Wednesday, November 28, 2012
The man, the myth, the Mazzone
By Kevin Gemmell
On the record, UCLA offensive coordinator Noel Mazzone is not worried about the coaching vacancies that are sprouting up around the Pac-12 and college football. On the record, his only focus is this week's Pac-12 championship game against Stanford.
Off the record, it's the same answer. And that should tell you all you need to know about the man. On the record, off the record, it doesn't matter with him. If he has something on his mind, he'll say it. He won't ask to have the recorders turned off first. When his team plays poorly, he says it. When it plays well, he says it.
He's quick with a joke, serious when he has to be and, despite decades of experience, he's still very much the archetype of a modern football coach.
But it's the moments before kickoff that he gets most excited.
UCLA's offense has shown a marked improvement in Noel Mazzone's first season as coordinator.
"I'm always a little apprehensive," Mazzone said. "It's like Christmas, watching kids opening presents. You've spent all this time going to the mall and doing your shopping and you think you made all the right decisions on what you bought for them, and then you get to go watch them for three and a half hours open the presents you got for them. And all you can do is hope they like it."
This week's gift is another shot at the vaunted Stanford defense -- which played the role of stocking-stuffers in Saturday's 35-17 win over the Bruins. But win or lose, Mazzone's impact on UCLA's offense has been significant.
His credentials are proven and unquestioned. That's why new UCLA head coach Jim Mora sought out Mazzone when he was hired. Knowing him only through casual acquaintances, Mora often talks about the times he was out of coaching and would watch Mazzone's offenses in action. As a defensive-minded coach, he often wondered to himself how he'd attack it.
Mazzone has ties to the ACC, SEC, Big Ten and the NFL. His recruiting responsibilities are Arizona and the southeast United States. It's not shocking that his name has appeared on several lists of potential candidates both within the conference and across the country.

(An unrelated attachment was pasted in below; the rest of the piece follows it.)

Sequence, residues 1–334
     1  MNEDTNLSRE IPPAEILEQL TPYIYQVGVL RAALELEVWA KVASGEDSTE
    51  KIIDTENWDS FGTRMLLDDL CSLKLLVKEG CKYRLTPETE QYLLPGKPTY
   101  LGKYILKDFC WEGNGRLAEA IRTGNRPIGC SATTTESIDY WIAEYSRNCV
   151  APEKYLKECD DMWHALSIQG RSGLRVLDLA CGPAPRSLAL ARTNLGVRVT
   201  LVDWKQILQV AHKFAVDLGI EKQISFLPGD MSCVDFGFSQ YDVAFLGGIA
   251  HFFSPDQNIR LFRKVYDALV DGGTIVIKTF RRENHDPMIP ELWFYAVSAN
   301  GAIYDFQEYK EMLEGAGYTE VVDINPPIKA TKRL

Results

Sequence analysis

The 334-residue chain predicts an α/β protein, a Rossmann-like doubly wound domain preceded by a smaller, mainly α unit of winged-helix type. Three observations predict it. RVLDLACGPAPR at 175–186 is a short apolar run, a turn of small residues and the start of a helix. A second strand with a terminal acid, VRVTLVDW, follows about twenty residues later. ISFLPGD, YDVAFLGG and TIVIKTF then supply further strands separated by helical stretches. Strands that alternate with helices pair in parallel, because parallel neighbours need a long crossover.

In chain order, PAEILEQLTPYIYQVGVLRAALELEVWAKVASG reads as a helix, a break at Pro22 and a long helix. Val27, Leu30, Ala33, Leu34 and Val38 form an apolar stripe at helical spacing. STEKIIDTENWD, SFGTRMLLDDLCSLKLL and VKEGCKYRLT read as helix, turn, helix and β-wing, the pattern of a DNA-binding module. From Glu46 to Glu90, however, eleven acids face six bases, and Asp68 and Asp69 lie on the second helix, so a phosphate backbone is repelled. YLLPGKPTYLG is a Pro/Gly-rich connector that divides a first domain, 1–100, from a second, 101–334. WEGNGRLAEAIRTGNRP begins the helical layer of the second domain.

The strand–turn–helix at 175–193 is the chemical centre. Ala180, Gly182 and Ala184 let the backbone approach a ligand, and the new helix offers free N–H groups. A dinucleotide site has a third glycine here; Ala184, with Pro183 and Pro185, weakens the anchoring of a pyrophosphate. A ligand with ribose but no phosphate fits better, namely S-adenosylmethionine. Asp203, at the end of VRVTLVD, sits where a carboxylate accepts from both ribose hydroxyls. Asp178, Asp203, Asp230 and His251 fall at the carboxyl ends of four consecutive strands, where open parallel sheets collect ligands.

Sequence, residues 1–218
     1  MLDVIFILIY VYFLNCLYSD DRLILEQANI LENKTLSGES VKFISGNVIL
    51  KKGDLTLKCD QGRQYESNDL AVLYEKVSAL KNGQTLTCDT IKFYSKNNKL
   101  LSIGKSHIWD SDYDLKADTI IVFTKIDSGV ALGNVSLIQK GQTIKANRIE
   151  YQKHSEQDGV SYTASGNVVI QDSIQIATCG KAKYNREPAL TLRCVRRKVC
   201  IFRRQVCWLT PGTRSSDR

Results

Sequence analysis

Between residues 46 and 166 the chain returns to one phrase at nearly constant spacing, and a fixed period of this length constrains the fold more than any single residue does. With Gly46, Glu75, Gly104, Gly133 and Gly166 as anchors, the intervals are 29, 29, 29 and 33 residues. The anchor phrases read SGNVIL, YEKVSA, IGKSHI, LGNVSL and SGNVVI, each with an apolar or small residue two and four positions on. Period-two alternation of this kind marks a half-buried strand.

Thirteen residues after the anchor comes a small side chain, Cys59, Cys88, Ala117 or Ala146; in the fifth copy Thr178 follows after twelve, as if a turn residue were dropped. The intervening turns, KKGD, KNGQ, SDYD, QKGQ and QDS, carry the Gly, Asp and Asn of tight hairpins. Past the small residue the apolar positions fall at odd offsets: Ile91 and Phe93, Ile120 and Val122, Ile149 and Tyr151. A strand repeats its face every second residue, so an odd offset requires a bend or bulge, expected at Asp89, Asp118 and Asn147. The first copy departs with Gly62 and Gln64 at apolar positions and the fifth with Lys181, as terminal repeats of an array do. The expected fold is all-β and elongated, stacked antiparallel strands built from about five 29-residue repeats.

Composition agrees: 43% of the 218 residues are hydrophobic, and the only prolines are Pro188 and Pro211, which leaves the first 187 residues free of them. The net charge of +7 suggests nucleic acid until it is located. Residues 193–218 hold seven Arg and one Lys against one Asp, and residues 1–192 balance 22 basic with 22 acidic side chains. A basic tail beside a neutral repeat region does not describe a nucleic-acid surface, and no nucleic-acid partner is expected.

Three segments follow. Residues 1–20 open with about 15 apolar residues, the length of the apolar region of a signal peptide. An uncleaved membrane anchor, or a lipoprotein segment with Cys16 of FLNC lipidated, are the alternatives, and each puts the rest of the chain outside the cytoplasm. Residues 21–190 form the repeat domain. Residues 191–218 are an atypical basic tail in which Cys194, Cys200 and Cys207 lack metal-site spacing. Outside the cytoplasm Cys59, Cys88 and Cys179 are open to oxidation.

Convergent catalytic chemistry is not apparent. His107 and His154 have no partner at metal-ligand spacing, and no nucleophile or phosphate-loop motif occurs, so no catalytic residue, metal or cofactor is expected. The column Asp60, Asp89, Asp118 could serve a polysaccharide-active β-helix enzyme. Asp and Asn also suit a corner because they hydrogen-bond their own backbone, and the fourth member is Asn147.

"I've thought about it," Mora said. "Any time you are having success like we're having, and you're having success on the offensive side of the ball like we're having and a young quarterback is having the success that Brett [Hundley] is having, you expect to see your coordinator's name mentioned for jobs. I certainly hope that he and I get a chance to coach together for a very long time."
Mazzone's two most recent stints -- Arizona State and now at UCLA -- have yielded phenomenal results. Consider the Sun Devils of 2009, pre-Mazzone: 90th in total offense (334.4 yards per game) and 91st in scoring average (22.3 points per game). Now, look at Mazzone's first season in 2010: 29th in total offense (425.6) and 28th in scoring average (32.2). Last year: 25th in total offense (445.8) and 28th in scoring offense (33.2).
And the results have been the same in his first season with the Bruins. Last year UCLA ranked 56th in total offense (393) and 88th in scoring offense (23.7). This year the Bruins are up to 21st in total offense (475) and 25th in scoring offense (36). A lot of that obviously has to do with the play of quarterback Hundley and running back Johnathan Franklin. But the Bruins have also done it with one of the youngest offensive lines in the country -- proof positive that the scheme is sound.
Not to mention they are the Pac-12 South champions (sans the asterisk this year) and take a 9-3 record and No. 16 ranking in the BCS standings into Friday night's title game.
"Beyond the Xs and Os and his expertise in that area, he's brought a certain standard of excellence to our offense -- the way we practice, the way we prepare -- and that's translated into how we play," Mora said. "He's got a very calm demeanor and a very confident demeanor, and yet he's always very self-deprecating and I think the players really relate to him. He has a tremendous ability to communicate to them on a level that they understand.
"It's not always what he says, it's how he acts. He doesn't sweat it. He works his butt off. He's smart. But even when it's intense, he doesn't sweat it. He just keeps firing. And I love that about him."